The eyeballs may be regarded as spherical bodies, lying in loosely fitted sockets of connective tissue padded with fat, in which they can move or revolve freely in all directions, in a limited degree. The muscles which act directly on the eyeball are six in number. Four recti passing from the back of the orbit are attached to the eyeball, one at each side and one above and below, not far from the cornea. These move the front of the eye to the right or left, up or down respectively. Two oblique passing nearly horizontally outward, and a little backward, are attached to the upper and under surface of the eyeball respectively. These muscles can slightly rotate the eye on its anteroposterior axis, the upper one drawing the upper part of the eyeball inward, and its antagonist, the lower, drawing the lower part inward, so as to rotate the eyeball in an opposite direction round the same axis.

The internal and external recti draw the centre of the cornea to or from the median line respectively, directly opposing one another.

Diagram of the direction of action of the muscles of the eyeball, which is shown by the dark lines.

Fig. 236. Diagram of the direction of action of the muscles of the eyeball, which is shown by the dark lines. The axes of the rotation caused by the oblique and upper and lower recti are shown by the dotted lines. The inner and outer recti rotate the ball on its vertical axis, which is cut across. The abbreviated names of the muscles are affixed to the lines.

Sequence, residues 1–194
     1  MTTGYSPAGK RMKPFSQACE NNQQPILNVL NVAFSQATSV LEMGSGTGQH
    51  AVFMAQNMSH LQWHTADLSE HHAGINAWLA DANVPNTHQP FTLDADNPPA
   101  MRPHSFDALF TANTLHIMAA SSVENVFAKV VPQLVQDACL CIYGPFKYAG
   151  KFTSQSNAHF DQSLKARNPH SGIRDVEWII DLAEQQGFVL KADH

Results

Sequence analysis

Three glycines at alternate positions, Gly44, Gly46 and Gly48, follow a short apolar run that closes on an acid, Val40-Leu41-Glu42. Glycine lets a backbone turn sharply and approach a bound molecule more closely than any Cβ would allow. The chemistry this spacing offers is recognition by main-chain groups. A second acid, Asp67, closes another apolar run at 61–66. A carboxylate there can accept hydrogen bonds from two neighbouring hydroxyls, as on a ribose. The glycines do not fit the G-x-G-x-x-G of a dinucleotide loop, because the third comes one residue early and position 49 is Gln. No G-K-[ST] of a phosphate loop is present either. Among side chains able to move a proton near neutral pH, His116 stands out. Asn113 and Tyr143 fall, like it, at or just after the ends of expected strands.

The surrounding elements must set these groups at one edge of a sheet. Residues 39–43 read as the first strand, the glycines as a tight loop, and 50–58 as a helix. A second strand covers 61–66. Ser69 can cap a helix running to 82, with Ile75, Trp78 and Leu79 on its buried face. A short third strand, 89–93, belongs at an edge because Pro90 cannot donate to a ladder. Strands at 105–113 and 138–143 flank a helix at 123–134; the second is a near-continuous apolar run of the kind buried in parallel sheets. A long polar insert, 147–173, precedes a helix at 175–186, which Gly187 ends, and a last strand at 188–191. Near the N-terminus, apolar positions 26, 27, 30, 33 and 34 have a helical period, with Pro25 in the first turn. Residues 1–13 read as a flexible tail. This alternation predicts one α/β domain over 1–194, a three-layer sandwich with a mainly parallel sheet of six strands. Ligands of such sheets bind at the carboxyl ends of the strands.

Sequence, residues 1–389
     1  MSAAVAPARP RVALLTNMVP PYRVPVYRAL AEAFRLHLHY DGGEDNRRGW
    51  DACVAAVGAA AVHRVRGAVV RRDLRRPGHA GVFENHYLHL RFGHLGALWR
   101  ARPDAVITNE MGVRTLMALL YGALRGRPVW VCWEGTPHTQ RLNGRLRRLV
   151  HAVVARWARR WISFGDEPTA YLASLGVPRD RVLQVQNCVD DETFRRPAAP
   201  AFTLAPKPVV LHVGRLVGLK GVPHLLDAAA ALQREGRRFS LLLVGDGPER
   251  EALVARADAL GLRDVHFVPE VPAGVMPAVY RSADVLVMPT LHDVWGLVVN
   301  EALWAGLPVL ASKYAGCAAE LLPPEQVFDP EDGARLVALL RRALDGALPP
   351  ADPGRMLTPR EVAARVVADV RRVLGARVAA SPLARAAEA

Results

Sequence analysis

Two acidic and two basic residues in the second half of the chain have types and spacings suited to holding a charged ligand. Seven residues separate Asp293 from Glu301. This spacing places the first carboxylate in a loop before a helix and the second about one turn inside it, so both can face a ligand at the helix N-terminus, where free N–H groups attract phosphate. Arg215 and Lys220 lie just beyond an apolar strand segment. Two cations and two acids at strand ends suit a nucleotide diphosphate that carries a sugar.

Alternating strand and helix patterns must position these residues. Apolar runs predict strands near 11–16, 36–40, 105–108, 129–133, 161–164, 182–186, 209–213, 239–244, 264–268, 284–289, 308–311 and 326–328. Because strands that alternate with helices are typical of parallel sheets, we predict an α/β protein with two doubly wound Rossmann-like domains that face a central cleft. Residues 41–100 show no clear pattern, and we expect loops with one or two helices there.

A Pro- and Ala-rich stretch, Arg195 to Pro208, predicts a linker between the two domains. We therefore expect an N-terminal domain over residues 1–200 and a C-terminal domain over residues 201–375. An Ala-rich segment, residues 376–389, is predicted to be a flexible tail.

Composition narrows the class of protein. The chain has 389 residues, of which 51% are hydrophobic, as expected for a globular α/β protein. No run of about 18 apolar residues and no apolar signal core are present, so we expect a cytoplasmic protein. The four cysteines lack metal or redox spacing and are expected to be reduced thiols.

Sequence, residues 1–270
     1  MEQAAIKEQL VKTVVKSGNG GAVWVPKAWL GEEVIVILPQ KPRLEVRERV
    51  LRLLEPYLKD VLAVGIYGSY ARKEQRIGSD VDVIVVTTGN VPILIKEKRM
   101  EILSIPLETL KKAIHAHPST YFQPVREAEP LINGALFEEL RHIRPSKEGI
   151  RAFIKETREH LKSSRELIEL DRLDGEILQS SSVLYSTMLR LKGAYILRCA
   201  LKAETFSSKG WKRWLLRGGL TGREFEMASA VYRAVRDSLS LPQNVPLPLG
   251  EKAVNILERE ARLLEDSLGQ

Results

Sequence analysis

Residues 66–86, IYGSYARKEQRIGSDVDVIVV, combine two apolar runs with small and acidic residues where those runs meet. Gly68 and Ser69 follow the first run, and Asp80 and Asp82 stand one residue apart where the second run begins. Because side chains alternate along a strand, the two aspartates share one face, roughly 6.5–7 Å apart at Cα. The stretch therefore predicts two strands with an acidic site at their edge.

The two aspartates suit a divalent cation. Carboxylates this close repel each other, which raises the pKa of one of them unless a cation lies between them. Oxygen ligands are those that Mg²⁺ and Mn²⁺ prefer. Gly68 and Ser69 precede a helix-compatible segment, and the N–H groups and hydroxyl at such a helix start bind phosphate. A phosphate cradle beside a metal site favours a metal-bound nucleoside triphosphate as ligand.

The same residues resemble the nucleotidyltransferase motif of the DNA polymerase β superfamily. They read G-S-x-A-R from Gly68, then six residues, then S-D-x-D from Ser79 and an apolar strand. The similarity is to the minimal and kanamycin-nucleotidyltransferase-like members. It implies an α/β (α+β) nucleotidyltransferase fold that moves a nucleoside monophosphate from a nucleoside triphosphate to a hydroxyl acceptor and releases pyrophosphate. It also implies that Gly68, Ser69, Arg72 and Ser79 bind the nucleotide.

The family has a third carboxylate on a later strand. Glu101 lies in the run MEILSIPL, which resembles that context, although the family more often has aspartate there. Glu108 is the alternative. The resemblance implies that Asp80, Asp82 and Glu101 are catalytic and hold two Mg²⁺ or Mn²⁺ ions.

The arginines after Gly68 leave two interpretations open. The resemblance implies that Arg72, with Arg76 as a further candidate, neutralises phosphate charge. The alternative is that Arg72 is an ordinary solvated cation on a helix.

As the direction of the superior and inferior recti is different from that of the axis of the eyeball, they draw the outer edge of the cornea, not its centre, up and down respectively, and at the same time tend to give the eyeball a slight rotation in the same direction as the corresponding oblique muscles. The tendency to rotation is counteracted by the antagonistic oblique muscle when simple elevation or depression is formed.

Thus, pure abduction or adduction only requires the unaided action of the internal or external recti, while direct depression of the eye requires the combined action of the inferior rectus and superior oblique, and direct elevation requires the superior rectus and inferior oblique to act together. The oblique movements are accomplished by various combined coordinations of movement of the different muscles.

From the foregoing it is obvious that the simplest movements of the eye require the cooperation of different muscles.

The diagram shows the directions toward which the different muscles tend to draw the eyeball.

In the ordinary movements of both eyes more than this is necessary. Both eyes must move in the same direction at the same time, now to the right, now to the left, so that while the external rectus moves the right eye to the right side, the internal rectus moves the other eve in the same direction. The coordi-nation of the movements of the eyeball is so arranged that the contractions of the external and internal recti of opposite sides must occur together, and are called "associated movements." This associated movement has been acquired by the habit of voluntarily directing both eyes at the same object, and has gradually become involuntary, for few persons have the power of exerting control over the muscles of one eye alone.